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Six Incredible Winter Views to Reach on Snowshoes in the United States

Six Incredible Winter Views to Reach on Snowshoes in the United States

Posted by Crescent Moon on Oct 30th 2020

We may be a little biased, but the winter season serves up the finest scenery of all in North America if you ask us. Whether skyscraping peaks frosted in the sunshine, deep-drifted forests, or ice-clad lakes in a sparkling valley, a snowy coat makes for incredible all-around landscapes, and few modes of travel give you a more immersive experience of them than snowshoeing.

Suited up in our wonderfully light, springy Crescent Moon foam snowshoes, you’re perfectly equipped to drink in the scenery. Here are six blue-ribbon winter views in the U.S. to put on your snowshoeing bucket list!

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Snowshoe Mount Monadnock

The bare-rock, 3,165-foot crown of Mount Monadnock provides a far-reaching panoramic view that extends from the skyscrapers of Boston to the Presidential Range of the White Mountains, the loftiest peaks in the Northeast. While Mount Monadnock is far lower in elevation, its prominence and isolation make for one heck of a vantage point. Widely claimed to be one of the most-climbed mountains in the world, Mount Monadnock offers a bit more elbow room in winter, when experienced snowshoers can tackle the trek and relish the snowscape sightlines up top.

Snowshoe Trails at Lake of the Clouds (Porcupine Mountains Wilderness State Park, Michigan)

Some of the most impressive relief and breathtaking vistas in the Midwest await you in the Porcupine Mountains, or “Porkies,” an ancient highland on Michigan’s Upper Peninsula within shouting distance of Lake Superior. The most celebrated vista in the range—also famed for its extensive old-growth forests and a wildlife roster that includes wolves and moose—is Lake of the Clouds, the breathtaking overlook you can reach by snowshoes along the snowmobile route up the unplowed M-107 road.

Snowshoe Artist Point (Mount Baker-Snoqualmie National Forest, Washington)

Situated on Kulshan Ridge in the North Cascades, Artist Point can hold its own with any vantage in Washington: a state with no shortage of unbelievable vantages, mind you. The four-mile snowshoe to the Point from the Heather Meadows parking area along the Mount Baker Highway is eye-popping from start to finish. Your ultimate perch gives you awe-inspiring looks at such close-by giants as 10,781-foot Mount Baker and 9,131-foot Mount Shuksan and a whole sea of jagged Cascade peaks southward, including Whitehorse Mountain, Three Fingers, and the Matterhorn-Esque Sloan Peak. Just be conscious of the avalanche forecast!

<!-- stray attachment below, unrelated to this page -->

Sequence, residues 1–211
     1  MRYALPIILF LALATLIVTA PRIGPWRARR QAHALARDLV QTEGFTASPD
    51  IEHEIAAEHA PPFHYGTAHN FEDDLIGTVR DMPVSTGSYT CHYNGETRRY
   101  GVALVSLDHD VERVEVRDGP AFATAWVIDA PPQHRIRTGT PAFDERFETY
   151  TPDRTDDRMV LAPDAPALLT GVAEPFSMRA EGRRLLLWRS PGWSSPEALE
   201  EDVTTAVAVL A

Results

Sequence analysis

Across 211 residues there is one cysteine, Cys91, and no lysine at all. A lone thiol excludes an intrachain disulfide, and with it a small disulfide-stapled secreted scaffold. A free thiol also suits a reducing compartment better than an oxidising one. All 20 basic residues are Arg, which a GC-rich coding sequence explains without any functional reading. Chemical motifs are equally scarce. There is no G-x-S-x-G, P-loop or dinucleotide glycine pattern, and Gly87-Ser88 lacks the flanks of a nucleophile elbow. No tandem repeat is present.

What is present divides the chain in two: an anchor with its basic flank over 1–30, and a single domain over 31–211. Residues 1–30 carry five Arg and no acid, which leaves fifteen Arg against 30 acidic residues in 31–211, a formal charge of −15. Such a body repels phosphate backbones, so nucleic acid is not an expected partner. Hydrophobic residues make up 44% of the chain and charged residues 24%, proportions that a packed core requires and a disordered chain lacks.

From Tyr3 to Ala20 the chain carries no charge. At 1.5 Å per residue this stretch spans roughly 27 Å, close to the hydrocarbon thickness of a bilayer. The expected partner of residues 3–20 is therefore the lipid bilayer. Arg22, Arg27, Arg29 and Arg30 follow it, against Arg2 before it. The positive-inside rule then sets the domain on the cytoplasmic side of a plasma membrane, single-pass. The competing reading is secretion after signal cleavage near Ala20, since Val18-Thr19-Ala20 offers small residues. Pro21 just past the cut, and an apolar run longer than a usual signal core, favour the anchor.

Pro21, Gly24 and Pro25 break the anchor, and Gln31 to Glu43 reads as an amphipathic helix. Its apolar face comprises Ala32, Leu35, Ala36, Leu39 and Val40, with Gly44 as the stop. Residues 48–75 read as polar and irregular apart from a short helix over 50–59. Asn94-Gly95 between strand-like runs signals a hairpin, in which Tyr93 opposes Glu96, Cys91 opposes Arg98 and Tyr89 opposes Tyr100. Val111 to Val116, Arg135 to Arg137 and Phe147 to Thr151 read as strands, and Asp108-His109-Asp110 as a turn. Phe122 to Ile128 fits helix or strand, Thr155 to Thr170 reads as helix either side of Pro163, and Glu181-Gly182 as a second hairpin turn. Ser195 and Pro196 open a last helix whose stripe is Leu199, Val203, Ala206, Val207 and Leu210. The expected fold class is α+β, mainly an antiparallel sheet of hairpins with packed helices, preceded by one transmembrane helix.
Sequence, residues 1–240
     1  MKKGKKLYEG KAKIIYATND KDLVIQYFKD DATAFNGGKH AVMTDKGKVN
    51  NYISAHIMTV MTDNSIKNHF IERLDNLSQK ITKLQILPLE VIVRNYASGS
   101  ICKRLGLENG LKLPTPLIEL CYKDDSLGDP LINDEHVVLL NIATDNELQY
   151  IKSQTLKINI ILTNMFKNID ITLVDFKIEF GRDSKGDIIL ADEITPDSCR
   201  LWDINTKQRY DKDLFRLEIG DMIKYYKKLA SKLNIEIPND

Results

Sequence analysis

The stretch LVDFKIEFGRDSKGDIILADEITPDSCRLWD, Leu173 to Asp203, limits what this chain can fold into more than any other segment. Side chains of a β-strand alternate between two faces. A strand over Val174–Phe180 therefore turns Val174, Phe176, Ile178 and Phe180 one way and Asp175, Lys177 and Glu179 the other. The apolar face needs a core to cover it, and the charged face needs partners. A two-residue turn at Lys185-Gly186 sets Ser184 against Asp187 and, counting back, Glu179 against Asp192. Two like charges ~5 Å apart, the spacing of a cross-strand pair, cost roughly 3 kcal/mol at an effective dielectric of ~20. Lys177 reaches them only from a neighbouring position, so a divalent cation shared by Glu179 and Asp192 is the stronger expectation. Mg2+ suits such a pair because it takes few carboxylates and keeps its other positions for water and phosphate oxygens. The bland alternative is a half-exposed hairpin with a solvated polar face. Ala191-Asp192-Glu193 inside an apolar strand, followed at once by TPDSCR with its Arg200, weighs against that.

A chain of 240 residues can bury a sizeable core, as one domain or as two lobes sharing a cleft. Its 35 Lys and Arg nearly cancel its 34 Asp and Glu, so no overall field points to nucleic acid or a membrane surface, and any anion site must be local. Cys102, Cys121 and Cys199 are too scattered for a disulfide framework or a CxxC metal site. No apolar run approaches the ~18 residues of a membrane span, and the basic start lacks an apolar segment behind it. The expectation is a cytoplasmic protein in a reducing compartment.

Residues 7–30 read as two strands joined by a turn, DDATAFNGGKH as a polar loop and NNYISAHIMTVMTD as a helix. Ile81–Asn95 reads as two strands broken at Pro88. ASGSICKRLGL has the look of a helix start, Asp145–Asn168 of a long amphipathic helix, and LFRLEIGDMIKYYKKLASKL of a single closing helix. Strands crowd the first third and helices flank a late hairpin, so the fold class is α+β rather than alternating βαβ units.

Observation Point (Yellowstone National Park, Wyoming) Snowshoe Trails

The two-mile Observation Point Loop Snowshoe Trail, which kicks off at the Old Faithful Visitor Center, gives you excellent prospects over the snowy and steaming Upper Geyser Basin, the single most significant geothermal zone in Yellowstone. The route crosses the Firehole River, draining the Upper and several other geyser basins en route to the Madison River, and edges past Solitary Geyser. You have a decent chance of seeing bison on the snowshoe trail—the great humped beasts winter in this area, as do elk of the Madison-Firehole herd—which is a thrill but always remember to give these and other large wildlife plenty of space.

Snowshoe at Glacier Point (Yosemite National Park, California)

Glacier Point, which overlooks Yosemite Valley from its south granite rim at some 7,200 feet, provides an iconic viewshed all year round. But the winter-painted vistas of that dreamlike glen, the monolithic loom of Half Dome, and the vast alpine Sierra Nevada backcountry are something else entirely. In the summertime, visitors in droves drive to Glacier Point, but winter access is by snowshoe or ski: a 10.5-mile adventure from Badger Pass, beyond which the Glacier Point Road is unplowed.

Wolverine Peak (Chugach State Park, Alaska) Snowshoe Adventures

For experienced snowshoers and wilderness recreationists, the roughly 4,500-foot crown of Wolverine Peak in the Chugach Mountains provides a great introduction to winter mountaineering in the Last Frontier. Snowshoes—and potentially crampons or other traction devices if the wind-blasted uppermost portion of the route is scanty in the snowpack department—give you the ability to access this fairly popular peak in its wintertime guise. Clear-day views from the top extend from nearby Anchorage and the Cook Inlet to the Alaska Range’s epic heights.

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